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It ended up being so good, we were in anguish when we dropped a single piece. (Also that girl with the meme-worthy face is 100% not me….)

Human Attraction

I am a proud Sherlockian and for those of you who are not citizens of a geek fandom, that is simply someone who is obsessed with Sherlock Holmes, whether it is the BBC television show, Benedict Cumberbatch in general, or the original works of Sir Arthur Conan Doyle. I was first inducted as a Sherlockian when I happened upon the BBC show on Netflix, having already watched every Disney movie and Bigfoot documentary available. The show inspired me, for it provided a fresh, modern take on classic tales without making a mess of them as many have done (cough cough…Elementary…). After watching every episode at least twice and knowing it will probably be at least a decade before season four, I picked up a gigantic copy of the original stories and have been lugging it around with me for the past few weeks. (That in itself is a feat as it weighs at least five pounds; my biceps are getting huge!)

This morning as I read one of Mr. Holmes’ many adventures, “The Engineer’s Thumb,” I found myself more confused than poor Mr. Watson. You see, while Sir Arthur Conan Doyle’s writing is impeccable and his tales chillingly pleasant, I often find myself wondering why he chose the plot lines that he did. After all, why write about an ordinary murder when death by boomerang is more surprising and also fits the evidence? Why purposefully leave a case unsolved or allow a criminal to escape? But most importantly, why don’t these frustrating details hinder my enjoyment of these stories? I personally love Sherlock Holmes, but it seems that the neatly-packaged resolutions of Nancy Drew might be more pleasant to the average reader. These questions and more have tantalized my brain for the past week, and so, following my hero’s example, I have deduced that the answer is elementary.

This brings me to my deduction: classic literature endures not because its plots are smooth and its resolutions entirely satisfying, but because it is distinctly human. In the case of the Sherlock Holmes tales, if every mystery had been sensational and every loose end tied up, it would not be believable. No human life is exiting all of the time and no human life has every problem resolved perfectly. The same statement is true of Anna Karenina, Gone With the Wind, The Picture of Dorian Gray, Vanity Fair, the fairy tales of Hans Christian Anderson and the Brothers Grimm, and nearly every other piece of true literature. None of these renowned books has the perfect fairy-tale ending that audiences today expect and none of their plots are completely fantastic. If they had such endings and plots, they would be predictable and dull and probably not survive more than a generation. But they do not! AK made the terrible choices characteristic of humanity’s sinful nature, GWtW was wrought with tragedy and unstable relationships, TPoDG certainly did not end well, VF was riddled with unfortunate and unpredictable circumstances, and even the beloved fairy tales we heard as children were in actuality filled with gore and sorrow. None of these great books have complete “happily-ever-afters” or crystal-stair plots, but they did not need to. What makes a story a classic is its ability to reflect, even through fiction, the human condition, which is not generally solved by wit or relieved by magic.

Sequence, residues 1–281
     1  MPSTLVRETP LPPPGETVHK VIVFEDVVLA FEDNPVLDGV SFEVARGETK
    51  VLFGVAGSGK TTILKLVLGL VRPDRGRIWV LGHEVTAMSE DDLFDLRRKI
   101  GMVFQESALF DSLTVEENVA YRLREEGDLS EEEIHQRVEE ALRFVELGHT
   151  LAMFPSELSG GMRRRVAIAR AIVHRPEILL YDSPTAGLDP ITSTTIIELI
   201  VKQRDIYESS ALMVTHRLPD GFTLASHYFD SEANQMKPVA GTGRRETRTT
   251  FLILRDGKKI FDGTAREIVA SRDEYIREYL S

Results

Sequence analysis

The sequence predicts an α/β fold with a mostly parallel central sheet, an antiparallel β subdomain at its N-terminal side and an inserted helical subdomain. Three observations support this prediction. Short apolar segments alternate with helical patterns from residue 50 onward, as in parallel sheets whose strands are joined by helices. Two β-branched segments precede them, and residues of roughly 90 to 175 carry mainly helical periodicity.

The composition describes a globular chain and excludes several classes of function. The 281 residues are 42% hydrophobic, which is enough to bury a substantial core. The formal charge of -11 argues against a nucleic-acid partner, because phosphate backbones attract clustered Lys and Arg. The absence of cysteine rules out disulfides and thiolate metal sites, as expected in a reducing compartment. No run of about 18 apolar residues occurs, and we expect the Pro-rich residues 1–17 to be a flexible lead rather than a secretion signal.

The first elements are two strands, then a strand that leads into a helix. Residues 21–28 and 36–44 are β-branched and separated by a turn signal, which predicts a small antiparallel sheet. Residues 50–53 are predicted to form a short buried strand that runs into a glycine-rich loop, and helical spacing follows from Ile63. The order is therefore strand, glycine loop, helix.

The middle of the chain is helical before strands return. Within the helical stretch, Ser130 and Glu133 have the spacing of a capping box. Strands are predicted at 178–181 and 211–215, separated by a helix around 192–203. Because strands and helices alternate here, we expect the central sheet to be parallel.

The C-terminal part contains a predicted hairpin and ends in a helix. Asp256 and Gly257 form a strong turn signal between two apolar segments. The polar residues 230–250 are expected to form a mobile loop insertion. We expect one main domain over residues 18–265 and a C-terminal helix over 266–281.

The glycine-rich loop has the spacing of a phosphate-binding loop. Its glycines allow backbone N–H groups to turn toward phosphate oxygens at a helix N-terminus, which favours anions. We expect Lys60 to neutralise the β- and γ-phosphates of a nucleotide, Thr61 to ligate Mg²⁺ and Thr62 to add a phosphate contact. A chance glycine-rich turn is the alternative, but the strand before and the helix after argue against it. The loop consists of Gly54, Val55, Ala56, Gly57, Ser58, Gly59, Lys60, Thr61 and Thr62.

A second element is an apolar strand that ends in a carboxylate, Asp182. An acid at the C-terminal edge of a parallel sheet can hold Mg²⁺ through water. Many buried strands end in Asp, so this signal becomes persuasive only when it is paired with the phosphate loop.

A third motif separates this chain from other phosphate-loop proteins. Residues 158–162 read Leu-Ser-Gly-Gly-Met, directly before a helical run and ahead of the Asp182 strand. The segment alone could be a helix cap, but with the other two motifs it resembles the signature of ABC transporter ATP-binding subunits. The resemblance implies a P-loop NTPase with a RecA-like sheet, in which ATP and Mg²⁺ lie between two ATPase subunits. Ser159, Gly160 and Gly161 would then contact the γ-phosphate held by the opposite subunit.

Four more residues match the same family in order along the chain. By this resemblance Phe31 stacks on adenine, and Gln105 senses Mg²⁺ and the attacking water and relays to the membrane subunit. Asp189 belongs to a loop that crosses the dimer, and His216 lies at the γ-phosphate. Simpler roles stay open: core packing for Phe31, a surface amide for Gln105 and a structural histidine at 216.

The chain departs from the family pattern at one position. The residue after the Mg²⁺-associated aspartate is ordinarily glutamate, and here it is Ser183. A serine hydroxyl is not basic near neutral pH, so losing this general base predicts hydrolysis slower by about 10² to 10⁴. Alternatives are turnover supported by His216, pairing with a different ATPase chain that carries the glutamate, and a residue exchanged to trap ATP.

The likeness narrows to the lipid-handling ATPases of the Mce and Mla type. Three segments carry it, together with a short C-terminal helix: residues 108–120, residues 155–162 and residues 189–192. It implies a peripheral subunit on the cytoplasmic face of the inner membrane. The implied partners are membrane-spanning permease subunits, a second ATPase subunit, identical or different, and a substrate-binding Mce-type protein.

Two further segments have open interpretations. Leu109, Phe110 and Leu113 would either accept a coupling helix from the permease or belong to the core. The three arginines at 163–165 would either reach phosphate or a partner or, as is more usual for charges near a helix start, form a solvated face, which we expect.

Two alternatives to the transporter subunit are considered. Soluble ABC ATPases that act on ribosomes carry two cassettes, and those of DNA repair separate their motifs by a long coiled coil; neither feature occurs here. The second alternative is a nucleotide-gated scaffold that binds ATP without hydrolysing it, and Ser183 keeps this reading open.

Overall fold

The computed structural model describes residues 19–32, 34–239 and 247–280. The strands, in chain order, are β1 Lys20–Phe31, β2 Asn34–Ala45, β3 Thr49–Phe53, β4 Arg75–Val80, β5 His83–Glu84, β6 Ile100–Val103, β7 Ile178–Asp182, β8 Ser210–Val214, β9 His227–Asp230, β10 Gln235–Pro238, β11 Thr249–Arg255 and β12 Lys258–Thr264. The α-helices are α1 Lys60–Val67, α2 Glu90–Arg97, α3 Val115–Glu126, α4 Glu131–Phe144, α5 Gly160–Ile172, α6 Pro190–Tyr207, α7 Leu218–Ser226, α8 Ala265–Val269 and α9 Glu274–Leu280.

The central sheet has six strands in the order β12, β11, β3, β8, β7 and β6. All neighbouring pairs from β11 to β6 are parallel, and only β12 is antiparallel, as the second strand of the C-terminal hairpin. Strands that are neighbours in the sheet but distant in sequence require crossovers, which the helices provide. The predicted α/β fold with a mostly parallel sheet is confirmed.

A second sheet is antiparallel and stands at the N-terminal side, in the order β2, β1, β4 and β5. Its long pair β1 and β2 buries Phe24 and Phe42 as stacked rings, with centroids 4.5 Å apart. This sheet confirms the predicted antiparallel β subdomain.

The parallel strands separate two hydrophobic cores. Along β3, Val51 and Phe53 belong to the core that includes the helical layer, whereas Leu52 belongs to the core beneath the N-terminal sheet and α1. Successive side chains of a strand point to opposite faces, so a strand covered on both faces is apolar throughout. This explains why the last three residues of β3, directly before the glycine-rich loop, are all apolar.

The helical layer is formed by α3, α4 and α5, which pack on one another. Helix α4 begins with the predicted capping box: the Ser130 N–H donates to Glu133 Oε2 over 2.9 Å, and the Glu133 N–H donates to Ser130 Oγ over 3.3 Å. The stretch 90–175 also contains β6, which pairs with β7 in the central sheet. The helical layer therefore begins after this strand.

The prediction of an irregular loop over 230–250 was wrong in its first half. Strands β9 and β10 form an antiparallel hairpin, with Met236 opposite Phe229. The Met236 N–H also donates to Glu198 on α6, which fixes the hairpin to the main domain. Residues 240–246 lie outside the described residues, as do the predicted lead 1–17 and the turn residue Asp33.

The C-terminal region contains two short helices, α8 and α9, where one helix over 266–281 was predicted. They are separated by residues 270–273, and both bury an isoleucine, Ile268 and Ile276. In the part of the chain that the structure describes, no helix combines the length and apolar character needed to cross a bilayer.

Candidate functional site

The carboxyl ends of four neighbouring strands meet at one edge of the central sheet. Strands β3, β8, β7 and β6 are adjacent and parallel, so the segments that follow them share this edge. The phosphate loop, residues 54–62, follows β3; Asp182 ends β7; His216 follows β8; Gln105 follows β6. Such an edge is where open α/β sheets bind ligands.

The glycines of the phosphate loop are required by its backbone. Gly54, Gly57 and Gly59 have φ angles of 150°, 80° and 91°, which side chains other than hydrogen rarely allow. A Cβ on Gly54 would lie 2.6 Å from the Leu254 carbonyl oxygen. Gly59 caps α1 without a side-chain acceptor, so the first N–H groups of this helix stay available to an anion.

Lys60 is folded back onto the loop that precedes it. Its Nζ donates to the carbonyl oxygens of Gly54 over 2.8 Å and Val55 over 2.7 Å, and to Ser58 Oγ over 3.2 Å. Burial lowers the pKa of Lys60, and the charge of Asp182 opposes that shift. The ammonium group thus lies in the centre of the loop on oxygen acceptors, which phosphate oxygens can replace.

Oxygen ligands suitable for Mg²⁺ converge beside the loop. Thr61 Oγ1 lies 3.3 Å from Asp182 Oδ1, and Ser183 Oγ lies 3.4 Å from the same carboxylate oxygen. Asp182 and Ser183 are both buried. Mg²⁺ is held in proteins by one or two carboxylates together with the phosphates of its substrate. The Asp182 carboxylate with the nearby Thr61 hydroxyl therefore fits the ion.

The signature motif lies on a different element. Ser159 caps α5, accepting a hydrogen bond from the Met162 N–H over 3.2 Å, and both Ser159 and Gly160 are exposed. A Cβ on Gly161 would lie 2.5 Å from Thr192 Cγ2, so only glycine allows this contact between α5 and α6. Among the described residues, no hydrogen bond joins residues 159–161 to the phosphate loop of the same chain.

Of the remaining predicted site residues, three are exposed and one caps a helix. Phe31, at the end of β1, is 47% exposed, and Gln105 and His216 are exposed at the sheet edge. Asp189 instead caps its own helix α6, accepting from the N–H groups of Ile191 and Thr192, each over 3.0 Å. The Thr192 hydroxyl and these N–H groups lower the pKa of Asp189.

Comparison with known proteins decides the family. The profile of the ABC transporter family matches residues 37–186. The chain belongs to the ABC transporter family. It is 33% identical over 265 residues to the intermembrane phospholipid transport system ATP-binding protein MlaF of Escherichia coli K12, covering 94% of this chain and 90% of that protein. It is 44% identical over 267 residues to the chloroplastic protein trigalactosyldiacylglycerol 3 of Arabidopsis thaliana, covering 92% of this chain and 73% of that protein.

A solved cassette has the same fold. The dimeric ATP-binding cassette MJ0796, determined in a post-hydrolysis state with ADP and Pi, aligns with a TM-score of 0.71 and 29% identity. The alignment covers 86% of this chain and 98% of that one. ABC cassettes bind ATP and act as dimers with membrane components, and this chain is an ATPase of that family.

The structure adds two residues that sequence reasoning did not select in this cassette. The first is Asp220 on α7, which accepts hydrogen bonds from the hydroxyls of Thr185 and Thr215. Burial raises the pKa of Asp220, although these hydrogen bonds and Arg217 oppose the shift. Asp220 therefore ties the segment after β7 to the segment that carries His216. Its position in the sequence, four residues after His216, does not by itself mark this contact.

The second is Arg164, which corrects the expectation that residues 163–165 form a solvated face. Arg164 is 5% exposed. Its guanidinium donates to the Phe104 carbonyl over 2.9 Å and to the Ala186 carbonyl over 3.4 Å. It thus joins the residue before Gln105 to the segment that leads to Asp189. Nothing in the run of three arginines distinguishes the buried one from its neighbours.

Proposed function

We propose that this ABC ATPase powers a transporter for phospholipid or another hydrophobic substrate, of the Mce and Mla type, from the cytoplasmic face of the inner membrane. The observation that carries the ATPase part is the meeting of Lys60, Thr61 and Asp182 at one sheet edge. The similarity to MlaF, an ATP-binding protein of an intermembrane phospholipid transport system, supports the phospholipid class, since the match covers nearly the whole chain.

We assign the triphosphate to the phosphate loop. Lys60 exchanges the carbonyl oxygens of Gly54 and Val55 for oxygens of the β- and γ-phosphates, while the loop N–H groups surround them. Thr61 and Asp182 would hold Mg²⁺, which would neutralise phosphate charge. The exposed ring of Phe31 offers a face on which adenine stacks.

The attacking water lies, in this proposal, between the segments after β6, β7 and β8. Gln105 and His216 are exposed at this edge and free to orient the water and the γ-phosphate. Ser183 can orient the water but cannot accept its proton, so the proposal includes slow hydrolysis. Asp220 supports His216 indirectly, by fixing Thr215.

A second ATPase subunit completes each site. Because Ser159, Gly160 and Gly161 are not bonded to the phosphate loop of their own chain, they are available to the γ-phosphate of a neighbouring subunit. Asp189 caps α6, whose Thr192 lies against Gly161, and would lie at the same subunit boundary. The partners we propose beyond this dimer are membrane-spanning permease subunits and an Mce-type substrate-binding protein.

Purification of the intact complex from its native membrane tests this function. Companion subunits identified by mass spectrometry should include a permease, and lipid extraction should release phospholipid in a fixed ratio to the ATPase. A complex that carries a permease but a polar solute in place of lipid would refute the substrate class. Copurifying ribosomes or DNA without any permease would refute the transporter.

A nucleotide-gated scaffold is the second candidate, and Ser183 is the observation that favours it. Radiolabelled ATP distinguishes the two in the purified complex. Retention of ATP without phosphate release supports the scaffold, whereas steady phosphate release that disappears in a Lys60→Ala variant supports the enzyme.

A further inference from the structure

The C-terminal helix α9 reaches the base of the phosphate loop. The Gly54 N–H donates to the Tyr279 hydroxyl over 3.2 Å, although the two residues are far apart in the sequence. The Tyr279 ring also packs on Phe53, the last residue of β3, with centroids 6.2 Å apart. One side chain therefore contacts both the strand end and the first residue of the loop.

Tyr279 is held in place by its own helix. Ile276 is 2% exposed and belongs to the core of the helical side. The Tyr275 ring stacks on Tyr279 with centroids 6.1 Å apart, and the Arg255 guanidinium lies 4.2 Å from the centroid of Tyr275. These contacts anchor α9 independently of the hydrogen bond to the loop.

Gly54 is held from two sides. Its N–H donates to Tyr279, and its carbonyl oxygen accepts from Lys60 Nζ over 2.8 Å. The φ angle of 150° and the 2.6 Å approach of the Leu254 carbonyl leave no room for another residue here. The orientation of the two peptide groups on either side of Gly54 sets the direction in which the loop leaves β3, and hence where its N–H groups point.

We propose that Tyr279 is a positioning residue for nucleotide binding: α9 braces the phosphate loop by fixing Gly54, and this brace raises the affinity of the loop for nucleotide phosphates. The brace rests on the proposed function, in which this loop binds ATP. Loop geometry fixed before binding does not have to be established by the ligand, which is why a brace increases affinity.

However, none of this is to say that these stories are dull! They would not have lived through generations of frivolous human readers if they were. Rather, as Sherlock Holmes states, “Life is infinitely stranger than anything which the mind of man could invent… it [makes] all fiction with its conventionalities and foreseen conclusions most stale and unprofitable.”  Thus, unlike certain modern tales of predictable sensationalism and tidy endings (hint hint…Twilight…), these classic works will endure as long as mankind because they are the mirror of man’s humanity and, according to current psychology, we are attracted to what is representative of ourselves.